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I stepped onto the balcony and looked down. The biscuit-coloured stray dog raised its head at me and whimpered before curling up into a ball. A gentle breeze ruffled the mango tree that guarded the entrance of the building. Outside, the lamp post stood forlorn, as the bulb had long succumbed to the wrath of the rains. Thunder rumbled in the distance as zig-zagged flashes of light split the inky sky. 

It was then I heard the knock at the door. 

It must be Jeet, I thought to myself. My fuchsia-painted lips parted into a smile. He always loved lipstick stains on his face. “It is the stamp of your passion,” he used to hum before pinning me against the wall. I wiped my hands with a handkerchief and rushed to the living room. I felt my knees turn to jelly as I stood there, as immobile as the couch that had witnessed many a frenzied union between Jeet and me. The rickety door creaked and swayed like a curtain fluttering in the wintry breeze.

“J….. Jeet? Is this your idea of a joke?” I stuttered as eerie thoughts cast their tentacles on me, encompassing me in their vice-like grip.

Why did Jeet have to select such a house for our trysts? Located in an alley far away from the hustle and bustle of the city, it accorded us the privacy we craved. But on a night when the air was icy, and eerie shadows danced amidst the streaks of celestial lights, the tingly sensation between my legs had deserted me for good. My heartbeats raced against an invisible opponent as drops of sweat slid down my forehead.

Did I close the door? The seed of doubt planted itself in my head, refusing to budge. I tiptoed to the door. But I couldn’t discern a soul. Allowing myself a sheepish grin, I bolted it. With a sigh of relief, I eased myself into the rocking chair in the room and closed my eyes.

The sharp rap on the door woke me up. Had I drifted off to sleep?

“Swati! Open the door. Quick!”

I unbolted the door and let out a loud gasp.

Oh ma go! Swati, can you check in your handbag if you have a band-aid or something like that?” That was Jeet as he tottered inside the house. Blood oozed from his forehead. But my gaze didn’t leave his brown leather jacket. What was that splatter of mud doing there? 

I looked at him. “Are you crazy? You need treatment. How did you end up like this? Wait! Don’t explain. I will call Doctor Saha.” I dashed towards the centre table and reached for my mobile.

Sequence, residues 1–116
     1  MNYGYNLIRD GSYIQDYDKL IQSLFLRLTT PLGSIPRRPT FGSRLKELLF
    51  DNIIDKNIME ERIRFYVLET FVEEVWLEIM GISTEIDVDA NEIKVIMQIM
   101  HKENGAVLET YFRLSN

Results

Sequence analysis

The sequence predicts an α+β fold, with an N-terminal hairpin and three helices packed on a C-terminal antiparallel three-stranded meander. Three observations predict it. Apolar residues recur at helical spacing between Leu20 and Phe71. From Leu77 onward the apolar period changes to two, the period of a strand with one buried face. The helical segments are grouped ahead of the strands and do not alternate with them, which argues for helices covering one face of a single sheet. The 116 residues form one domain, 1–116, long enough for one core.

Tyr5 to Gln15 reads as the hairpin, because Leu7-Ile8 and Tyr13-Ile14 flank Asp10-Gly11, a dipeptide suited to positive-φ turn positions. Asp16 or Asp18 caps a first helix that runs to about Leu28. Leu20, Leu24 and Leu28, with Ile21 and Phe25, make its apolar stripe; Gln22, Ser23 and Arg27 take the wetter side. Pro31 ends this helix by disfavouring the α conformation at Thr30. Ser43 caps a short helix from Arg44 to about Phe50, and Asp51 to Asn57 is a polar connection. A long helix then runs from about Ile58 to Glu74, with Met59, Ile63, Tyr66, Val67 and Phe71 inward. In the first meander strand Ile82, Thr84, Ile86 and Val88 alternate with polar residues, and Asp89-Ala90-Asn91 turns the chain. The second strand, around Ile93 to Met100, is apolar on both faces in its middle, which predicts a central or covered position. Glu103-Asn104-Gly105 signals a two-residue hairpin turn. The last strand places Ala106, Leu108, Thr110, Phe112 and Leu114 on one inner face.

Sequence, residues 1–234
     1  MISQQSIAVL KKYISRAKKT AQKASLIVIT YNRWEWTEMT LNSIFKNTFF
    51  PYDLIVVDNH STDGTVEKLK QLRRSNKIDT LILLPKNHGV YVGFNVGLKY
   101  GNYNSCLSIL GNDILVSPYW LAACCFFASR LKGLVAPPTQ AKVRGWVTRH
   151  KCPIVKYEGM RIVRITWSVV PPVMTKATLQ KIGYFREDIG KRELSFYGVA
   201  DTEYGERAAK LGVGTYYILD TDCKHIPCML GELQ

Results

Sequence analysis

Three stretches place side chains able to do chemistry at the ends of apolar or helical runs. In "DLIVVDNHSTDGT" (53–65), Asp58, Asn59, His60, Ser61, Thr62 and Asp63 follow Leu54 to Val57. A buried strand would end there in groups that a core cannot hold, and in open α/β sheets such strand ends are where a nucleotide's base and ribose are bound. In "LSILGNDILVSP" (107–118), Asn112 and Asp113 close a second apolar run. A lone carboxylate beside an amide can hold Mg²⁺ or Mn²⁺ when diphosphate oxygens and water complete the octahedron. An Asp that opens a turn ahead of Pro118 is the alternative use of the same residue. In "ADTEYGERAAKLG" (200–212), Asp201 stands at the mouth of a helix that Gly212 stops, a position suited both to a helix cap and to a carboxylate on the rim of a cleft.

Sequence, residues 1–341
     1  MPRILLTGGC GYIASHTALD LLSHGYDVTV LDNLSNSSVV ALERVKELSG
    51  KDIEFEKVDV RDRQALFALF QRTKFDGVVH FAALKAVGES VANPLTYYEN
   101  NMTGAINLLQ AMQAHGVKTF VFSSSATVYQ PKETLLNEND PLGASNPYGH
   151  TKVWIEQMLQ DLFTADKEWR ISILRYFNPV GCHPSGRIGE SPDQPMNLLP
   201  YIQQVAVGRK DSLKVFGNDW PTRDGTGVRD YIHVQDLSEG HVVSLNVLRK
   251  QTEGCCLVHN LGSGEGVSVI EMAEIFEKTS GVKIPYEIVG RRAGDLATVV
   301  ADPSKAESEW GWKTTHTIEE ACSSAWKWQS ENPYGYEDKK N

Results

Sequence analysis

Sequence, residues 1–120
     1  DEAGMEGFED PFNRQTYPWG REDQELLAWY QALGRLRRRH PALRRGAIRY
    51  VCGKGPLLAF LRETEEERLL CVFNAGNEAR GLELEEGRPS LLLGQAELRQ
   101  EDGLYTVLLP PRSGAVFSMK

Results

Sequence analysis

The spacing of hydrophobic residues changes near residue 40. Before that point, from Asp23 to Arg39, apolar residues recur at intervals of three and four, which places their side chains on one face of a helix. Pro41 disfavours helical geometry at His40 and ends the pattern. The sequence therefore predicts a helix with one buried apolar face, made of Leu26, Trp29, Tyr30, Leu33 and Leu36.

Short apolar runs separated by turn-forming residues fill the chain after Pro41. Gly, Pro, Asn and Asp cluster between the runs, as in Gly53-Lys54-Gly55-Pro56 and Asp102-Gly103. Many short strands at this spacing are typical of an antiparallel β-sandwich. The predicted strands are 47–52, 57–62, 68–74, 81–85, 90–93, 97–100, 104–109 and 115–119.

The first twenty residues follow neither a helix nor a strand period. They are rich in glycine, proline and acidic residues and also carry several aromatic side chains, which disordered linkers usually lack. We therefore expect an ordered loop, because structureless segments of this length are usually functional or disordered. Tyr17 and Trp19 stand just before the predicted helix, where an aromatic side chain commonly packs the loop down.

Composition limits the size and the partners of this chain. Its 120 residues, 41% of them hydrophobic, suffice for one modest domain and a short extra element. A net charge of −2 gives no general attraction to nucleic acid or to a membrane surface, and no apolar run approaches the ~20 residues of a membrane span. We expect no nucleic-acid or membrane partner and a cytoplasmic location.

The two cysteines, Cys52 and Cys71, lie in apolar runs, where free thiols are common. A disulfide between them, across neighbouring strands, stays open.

Jeet caught hold of my hand. “Swati, listen to me. Just give me a bandage. Who will come to this place in this weather? And Doctor Saha? He is your family doctor. You have gone nuts. Satya will come to know about us. Do you want that to happen?” 

I kept my mobile back on the table. Jeet was right. I must not act in haste. Wincing, he walked past me. “I am going to the bedroom. There’s a first-aid kit there.”

I picked up my black handbag from the table. A strip of I-Pill tumbled out of it. Popping one into my mouth, I gulped it down with a glass of water. Would Jeet be in the mood? One never knew. 

My mobile buzzed, startling me. It was Satya. Why would my husband call me from Pune now? I declined the call. The screen lit up with the notification of an incoming WhatsApp message.

Hey. You ok? Bad news. Jeet died in an accident. He was on his way to Jess’s house. Take care. I will call you later.

I dropped the phone, as a piece of glossy paper flew in from the balcony along with the gust of wind. As it settled itself on the red-tiled floor, I stepped back. The photo of Jess smiled back at me. Did she have an amused look on her face? I bet she did. As always, she had the last laugh. She stole my boyfriend in college. But I didn’t give up. That night, when I hugged the grief-stricken Jeet, who was mourning the sudden demise of Jess in a freak accident, something in me stirred. I didn’t protest when Jeet pushed me to his bed. Their bed. I had finally turned the tables on her.

I sank into the rocking chair. No wonder this house looked familiar. Jess had once shown pictures of an old house in central Kolkata she inherited from her uncle.

I cursed my luck. Jess had this uncanny ability to beat me at my own game. How I hated her for it! The tube light flickered one last time. The room plunged into darkness. A voice as dulcet as the notes of a flute wafted in from the bedroom. “Jesssssssssss…..”

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